(Invited) Nature of Point Defects at High-Mobility Semiconductor/Interfaces Probed by Electron Spin Resonance: Thermal GaAs/GaAs-Oxide Structures

Wednesday, 8 October 2014: 11:00
Expo Center, 1st Floor, Universal 17 (Moon Palace Resort)
A. Stesmans, S. Nguyen (Department of Physics, University of Leuven), and V. V. Afanas'ev (University of Leuven)
The introduction of III-V semiconductors, such as GaAs, as high-mobility channels in field effect transistors has been hindered by the presence of a large density of electron states (defects) at the GaAs/oxide interface1, leading to strong Fermi-level (Ef) pinning, the origin of which is not fully atomically identified and quantified. This lack of adequate interface (surface) passivation has been a main obstacle on the route to development of high-performance III-V MOS technology.

            As to the atomic origin of the interface states causing Fermi level pinning, on theoretical grounds, various types of native point defects such as interfacial As-As dimers (like-atom bonds), AsGa antisites, Ga dangling bonds (DBs), and elemental As, have been projected with levels in the GaAs band gap2. X-ray photoelectron spectroscopy has concluded that elimination of interfacial As-oxides is a key requisite for Ef unpinning3.

            Aiming atomic identification of electrically detrimental interface traps, we here present results of a first experimental extensive low-temperature multi-frequency (K-and Q-band) study by conventional ESR -the tool of choice when it comes to atomically identify paramagnetic point defects- of thermally grown c-GaAs/GaAs-oxide entities. In an exploring approach, for ESR sensitivity reasons, two groups of samples were prepared: (1) GaAs powders, thermally oxidized (O2; 1.1 atm) in the temperature range Tox=350 - 615 °C for various times (22-390 min). (2) Oxidized (430–555 °C) slices (2 ´ 10 mm2), cut with their long edge along a á1-10ñ direction.

            As a major GaAs-related result, the study reveals the generation of AsGa+ antisites upon thermal oxidation in registry with the GaAs substrate. Importantly, no such signal could be observed on a stack of slices of the as-received (100)GaAs substrates. Evaluated from Tox~350 °C onward, the generation is observed in densities increasing with Tox, reaching alarmingly high levels (~1×1013 cm-2), thus providing solid independent evidence of substantial interfacial As enrichment, appearing as endemic for oxidation of GaAs. Comparison with literature data, based on salient ESR parameters, would indicate the observed AsGa+ antisite to concern the electrically well identified EL2 deep double donor center. It thus provides an answer on atomic scale of how a major part of excess As gets incorporated at the interface.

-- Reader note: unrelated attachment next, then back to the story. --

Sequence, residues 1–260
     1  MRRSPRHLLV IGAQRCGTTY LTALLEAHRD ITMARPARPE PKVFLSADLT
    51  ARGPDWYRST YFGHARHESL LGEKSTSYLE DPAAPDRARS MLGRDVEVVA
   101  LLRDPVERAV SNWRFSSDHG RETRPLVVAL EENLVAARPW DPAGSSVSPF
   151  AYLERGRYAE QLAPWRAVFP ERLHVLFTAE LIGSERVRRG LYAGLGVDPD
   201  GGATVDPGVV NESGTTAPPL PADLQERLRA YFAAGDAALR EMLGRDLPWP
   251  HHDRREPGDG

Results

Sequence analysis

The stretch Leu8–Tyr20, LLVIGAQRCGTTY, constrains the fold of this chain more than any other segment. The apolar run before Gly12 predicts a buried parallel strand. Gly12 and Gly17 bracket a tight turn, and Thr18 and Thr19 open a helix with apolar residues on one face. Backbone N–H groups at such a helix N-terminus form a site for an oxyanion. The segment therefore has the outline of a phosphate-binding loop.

Besides AsGa+, four more ESR signals have been observed. An eye catching one concerns an anisotropic behaving signal, which is only observed on oxidized c-GaAs slices after additional vacuum-UV irradiation (10.02 eV). The spectrum is composed of a quartet centered at g~2.27 with average hyperfine splitting constant A= 87 G for the applied magnetic field along the (100)GaAs sample normal; it might stem from a VGa center. Other single-component isotropic behaving spectra are observed at g~2.06 and g~1.937. Also observed is the substitutional Fe dopant (quintet ESR spectrum) in the parent GaAs substrate, centered at g~ 2.07. The atomic nature of the originating point defects is addressed starting from a comparative analysis of the data obtained on oxidized c-GaAs powders and (100)GaAs slices.

            In summary, the current ESR study on thermally oxidized c-GaAs has revealed several types of point defects. This includes the AsGa+ (EL2) antisite as a predominant defect, the work thus providing convincing first atomic identification of an inherent detrimental interface defect. As to realization of device-grade semiconductor/insulator interfaces, it is clear that oxidation of the GaAs substrate interface (surface) is to be strictly avoided.

1 C. W. Wilmsen, in Physics and Chemistry of III-V Compound Semiconductor Interfaces (Plenum, New York, 1985).

2 J. Robertson, Microelectron. Eng. 86, 1558 (2009; L. Lin and J. Robertson, Appl. Phys. Lett. 98, 082903 (2011).

3 W. Wang, C. L. Hinkle, E. M. Vogel, K. Cho, and R. M. Wallace, Microelectron. Eng. 88, 1061 (2011).